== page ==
I had a Dark Cornish hen that was broody.   I placed the three eggs carefully under the hen and she pecked my arm, but didn’t leave the nesting box.

I checked the eggs every day.  Most of the time I had to reach under the hen to check.

One morning I heard a peep and spied a little head poking out from under the hen.

I knew the poult would need time to dry off its feathers so I left it under the hen and waited until afternoon to check again.

This time I moved the hen and found one strong poult, one dead poult, and one egg.  The egg felt empty so I cracked open the hard shell.  It was rotten.

I carried the hen and the poult over to my brooder house so they wouldn’t be bothered by the other chickens.  I set up a feeder and water for the hen and poult.

The hen covered the poult with her feathers.  I tried to catch the poult to make sure it knew where the water was and the hen ruffed up her feathers and attacked me.

I kept the hen and poult in the brooder house for the next four weeks.  They were doing fine.  I decided it was time to let them out and see what they would do.

The hen moved out into the yard and clucked to her poult to follow.  After meandering through the yard eating grass and bugs, the hen took her poult into the chicken barn.  The hen  kept other chickens away from her poult.

When I went to shut the door to the chicken barn at dusk, I was surprised to see the hen and poult roosting on the old dairy stanchion four feet above the ground.  That little poult could fly and wanted to continue sleeping under the hen for warmth and comfort.

As summer turned into fall, the poult grew into the turkey it was meant to be.  Instead of sleeping under the hen, it would sleep beside the hen and put its head and neck under the hen’s feathers.

It was larger now than any of the other chickens.  But if the chickens noticed, I couldn’t tell.

Once the snow came, I kept the chickens locked in the barn for the winter.  I could tell the turkey was from wild stock because it was more skittish than the chickens.

When the snow melted, I started letting them back outside in the daytime.  The turkey really started to come into her own and express the urges she had felt all winter.

She ran fast.  She flew up into the tree limbs.  She even flew to the top of the barn.

She started to range farther in the field than the chickens.  And one night she didn’t come back to the barn at all.  The next morning she was outside the barn waiting to rejoin the flock.

But a week or so later she was gone again and this time for 36 hours.  She continued to repeat this pattern until her absences grew longer and she never came back at all.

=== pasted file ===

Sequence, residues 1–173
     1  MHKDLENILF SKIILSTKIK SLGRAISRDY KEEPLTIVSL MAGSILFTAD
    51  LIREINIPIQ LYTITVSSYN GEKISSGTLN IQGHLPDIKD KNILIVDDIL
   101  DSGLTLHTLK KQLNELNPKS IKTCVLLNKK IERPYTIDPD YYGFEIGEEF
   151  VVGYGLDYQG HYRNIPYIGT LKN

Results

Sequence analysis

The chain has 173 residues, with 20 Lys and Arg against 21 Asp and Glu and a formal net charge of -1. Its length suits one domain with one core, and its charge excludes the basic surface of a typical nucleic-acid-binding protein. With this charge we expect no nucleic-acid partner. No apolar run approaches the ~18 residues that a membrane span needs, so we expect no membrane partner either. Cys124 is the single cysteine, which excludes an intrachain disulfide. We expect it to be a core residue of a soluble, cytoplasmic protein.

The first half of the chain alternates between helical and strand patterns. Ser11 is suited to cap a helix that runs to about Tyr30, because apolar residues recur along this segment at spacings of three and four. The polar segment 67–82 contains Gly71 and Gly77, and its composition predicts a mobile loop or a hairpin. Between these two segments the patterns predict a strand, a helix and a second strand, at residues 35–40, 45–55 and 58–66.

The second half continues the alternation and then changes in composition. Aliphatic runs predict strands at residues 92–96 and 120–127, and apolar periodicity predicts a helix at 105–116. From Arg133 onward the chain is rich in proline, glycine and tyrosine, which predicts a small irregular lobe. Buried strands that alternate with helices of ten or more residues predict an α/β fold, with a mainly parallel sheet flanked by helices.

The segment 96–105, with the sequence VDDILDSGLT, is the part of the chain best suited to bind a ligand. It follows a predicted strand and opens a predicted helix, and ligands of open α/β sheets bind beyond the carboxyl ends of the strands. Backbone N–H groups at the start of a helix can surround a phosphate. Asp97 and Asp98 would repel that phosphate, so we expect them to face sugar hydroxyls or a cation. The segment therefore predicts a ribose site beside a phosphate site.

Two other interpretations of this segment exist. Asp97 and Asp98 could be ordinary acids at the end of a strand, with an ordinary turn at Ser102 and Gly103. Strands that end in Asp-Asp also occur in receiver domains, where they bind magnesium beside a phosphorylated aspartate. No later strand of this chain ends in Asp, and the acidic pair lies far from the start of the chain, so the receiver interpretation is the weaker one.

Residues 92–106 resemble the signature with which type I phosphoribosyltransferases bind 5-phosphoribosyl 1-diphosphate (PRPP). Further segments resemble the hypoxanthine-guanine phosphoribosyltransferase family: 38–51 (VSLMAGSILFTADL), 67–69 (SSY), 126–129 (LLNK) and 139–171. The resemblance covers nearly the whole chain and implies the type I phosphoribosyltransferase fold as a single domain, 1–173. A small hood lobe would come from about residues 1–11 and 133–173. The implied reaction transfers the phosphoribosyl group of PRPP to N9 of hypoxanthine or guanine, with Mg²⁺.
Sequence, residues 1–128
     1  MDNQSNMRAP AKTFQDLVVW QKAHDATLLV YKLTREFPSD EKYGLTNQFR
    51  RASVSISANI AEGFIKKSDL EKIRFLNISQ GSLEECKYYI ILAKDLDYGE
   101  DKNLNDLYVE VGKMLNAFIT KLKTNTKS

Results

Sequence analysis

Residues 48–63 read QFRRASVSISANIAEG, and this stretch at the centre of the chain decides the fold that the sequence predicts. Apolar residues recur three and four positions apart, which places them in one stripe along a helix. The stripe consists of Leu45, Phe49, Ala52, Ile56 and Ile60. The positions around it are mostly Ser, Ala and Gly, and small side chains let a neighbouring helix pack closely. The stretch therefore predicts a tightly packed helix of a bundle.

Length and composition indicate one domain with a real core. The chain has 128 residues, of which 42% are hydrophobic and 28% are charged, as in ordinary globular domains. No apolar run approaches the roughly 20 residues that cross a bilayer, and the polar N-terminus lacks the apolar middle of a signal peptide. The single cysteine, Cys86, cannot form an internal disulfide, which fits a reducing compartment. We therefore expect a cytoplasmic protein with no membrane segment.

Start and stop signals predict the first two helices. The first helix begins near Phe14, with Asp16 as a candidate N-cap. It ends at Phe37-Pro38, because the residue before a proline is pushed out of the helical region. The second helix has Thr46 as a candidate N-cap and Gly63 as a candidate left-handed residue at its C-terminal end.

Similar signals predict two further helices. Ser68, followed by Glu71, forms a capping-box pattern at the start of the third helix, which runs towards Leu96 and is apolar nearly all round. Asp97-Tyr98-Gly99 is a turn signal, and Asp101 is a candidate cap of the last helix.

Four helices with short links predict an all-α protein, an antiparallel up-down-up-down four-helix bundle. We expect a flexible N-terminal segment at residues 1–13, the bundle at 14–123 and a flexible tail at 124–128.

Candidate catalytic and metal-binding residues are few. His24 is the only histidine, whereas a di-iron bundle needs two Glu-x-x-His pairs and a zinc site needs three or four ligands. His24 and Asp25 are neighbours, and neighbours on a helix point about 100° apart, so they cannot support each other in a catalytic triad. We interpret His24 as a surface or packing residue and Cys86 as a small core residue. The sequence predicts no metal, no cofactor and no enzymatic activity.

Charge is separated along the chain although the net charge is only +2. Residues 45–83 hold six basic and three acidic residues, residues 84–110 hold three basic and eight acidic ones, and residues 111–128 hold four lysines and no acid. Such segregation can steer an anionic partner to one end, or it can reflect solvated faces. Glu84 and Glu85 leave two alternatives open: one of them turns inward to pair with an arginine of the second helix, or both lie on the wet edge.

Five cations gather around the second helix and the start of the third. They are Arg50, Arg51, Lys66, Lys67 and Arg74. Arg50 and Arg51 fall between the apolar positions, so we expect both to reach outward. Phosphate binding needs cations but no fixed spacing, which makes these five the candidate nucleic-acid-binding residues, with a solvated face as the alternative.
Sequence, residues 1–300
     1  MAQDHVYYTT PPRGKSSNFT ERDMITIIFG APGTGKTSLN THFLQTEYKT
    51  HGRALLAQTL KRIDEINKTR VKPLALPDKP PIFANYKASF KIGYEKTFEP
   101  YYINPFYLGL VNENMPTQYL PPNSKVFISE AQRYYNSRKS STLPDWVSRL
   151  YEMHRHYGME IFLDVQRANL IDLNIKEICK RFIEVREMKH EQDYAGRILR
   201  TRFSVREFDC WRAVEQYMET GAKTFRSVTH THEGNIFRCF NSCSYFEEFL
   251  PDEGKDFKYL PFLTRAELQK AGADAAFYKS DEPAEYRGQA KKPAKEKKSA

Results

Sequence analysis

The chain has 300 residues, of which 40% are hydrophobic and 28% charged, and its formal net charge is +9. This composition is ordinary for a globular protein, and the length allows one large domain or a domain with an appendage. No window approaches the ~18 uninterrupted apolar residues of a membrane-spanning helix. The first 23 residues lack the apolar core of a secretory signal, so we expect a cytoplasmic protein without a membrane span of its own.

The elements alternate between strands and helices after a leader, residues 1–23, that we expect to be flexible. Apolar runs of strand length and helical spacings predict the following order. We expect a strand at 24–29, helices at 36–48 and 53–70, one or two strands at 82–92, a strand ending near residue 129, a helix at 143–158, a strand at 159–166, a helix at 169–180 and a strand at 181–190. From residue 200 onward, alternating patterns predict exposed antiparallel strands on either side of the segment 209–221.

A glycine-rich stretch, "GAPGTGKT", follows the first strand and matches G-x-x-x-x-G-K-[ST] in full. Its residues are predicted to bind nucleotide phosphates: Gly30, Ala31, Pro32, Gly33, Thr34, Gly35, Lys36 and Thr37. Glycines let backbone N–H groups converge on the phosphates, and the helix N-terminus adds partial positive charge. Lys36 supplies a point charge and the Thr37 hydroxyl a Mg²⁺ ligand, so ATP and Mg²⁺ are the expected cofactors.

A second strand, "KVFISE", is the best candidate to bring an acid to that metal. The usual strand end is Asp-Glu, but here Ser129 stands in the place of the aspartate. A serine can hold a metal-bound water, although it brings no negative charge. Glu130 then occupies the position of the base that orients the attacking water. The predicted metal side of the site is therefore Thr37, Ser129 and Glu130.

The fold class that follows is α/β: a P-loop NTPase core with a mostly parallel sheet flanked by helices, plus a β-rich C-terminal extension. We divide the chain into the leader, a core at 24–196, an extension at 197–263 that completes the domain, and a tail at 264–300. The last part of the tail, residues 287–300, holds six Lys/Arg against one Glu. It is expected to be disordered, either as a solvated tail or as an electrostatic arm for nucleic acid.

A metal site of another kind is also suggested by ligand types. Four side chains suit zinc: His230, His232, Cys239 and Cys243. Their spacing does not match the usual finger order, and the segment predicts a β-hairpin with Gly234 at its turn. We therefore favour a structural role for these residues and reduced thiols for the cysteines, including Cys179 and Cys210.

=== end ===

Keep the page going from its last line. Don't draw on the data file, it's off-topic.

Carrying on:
But I thought I spied her with the wild turkey flock throughout that summer and fall.  She had found her kind.

Baby Chicks

May 14, 2009



Kenosha elementary incubated 30 fertile eggs from my chickens.  They had 24 hatch; which is an 80% success rate.  Well done, roosters and hens.  Check out my protocol in the post, “Spring is here.”

The teachers said the students were ecstatic to see the chicks hatch after waiting three long weeks.  Other schools could do this project.  Incubators aren’t expensive.  Hook up with a local farmer.

Spring is Here!

April 10, 2009

Spring is here!  Baby calves, baby piglets, planting oats, and 70 hour workweeks.  Spring is the perfect thing to follow long winter hibernation.  I feel I am a part of nature, not apart from nature.  Do you have seasons in your life?

My niece’s third grade class is planning on hatching chicken eggs and they asked me to furnish fertile eggs.   I have been providing fertile hatching eggs to one class or another for several years.  So far, everyone has had success incubating and hatching baby chicks from my chickens’ fertile eggs.  I’ll explain my protocol. 

One rooster is recommended for every ten hens.  House the roosters with the hens for at least two weeks prior to saving eggs.  Save eggs for five days or less prior to incubation.  Only select clean, well formed, normal eggs.  I put fresh straw in all of the nesting boxes to ensure cleanliness.   Store the eggs in egg cartons at 60 F.  Elevate one end of the egg carton and switch ends twice a day.  This prevents the contents of the egg from sticking inside the shell.  Place all the eggs in an incubator and follow the directions. 

Embryos will not start to develop until placed in an incubator or a hen begins to sit on them.  This is how a chicken can lay eggs over several days and still have all the chicks hatch at the same time.

The natural option is to allow a broody hen to sit on eggs.  A broody hen is one that wants to sit on a nest of eggs.  Most modern chickens have the broodiness bred out of them as they stop laying eggs once they become broody.  I still have some hens that exhibit broodiness and will allow some to sit on a nest and raise their own chicks. 

Everyone is excited when the chicks begin to pip through their shells.  Sometimes a chick is not strong enough to break out of its shell and will die.  An environment that was perfect for development becomes a confining prison resulting in death. 

Spring is here!  Pip, pip, away!